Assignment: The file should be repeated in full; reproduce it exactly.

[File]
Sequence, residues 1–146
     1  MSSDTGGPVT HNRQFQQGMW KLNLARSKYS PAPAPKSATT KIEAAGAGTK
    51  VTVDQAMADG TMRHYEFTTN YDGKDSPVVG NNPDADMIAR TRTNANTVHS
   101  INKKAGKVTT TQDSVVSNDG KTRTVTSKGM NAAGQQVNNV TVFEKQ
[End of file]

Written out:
Sequence, residues 1–146
     1  MSSDTGGPVT HNRQFQQGMW KLNLARSKYS PAPAPKSATT KIEAAGAGTK
    51  VTVDQAMADG TMRHYEFTTN YDGKDSPVVG NNPDADMIAR TRTNANTVHS
   101  INKKAGKVTT TQDSVVSNDG KTRTVTSKGM NAAGQQVNNV TVFEKQ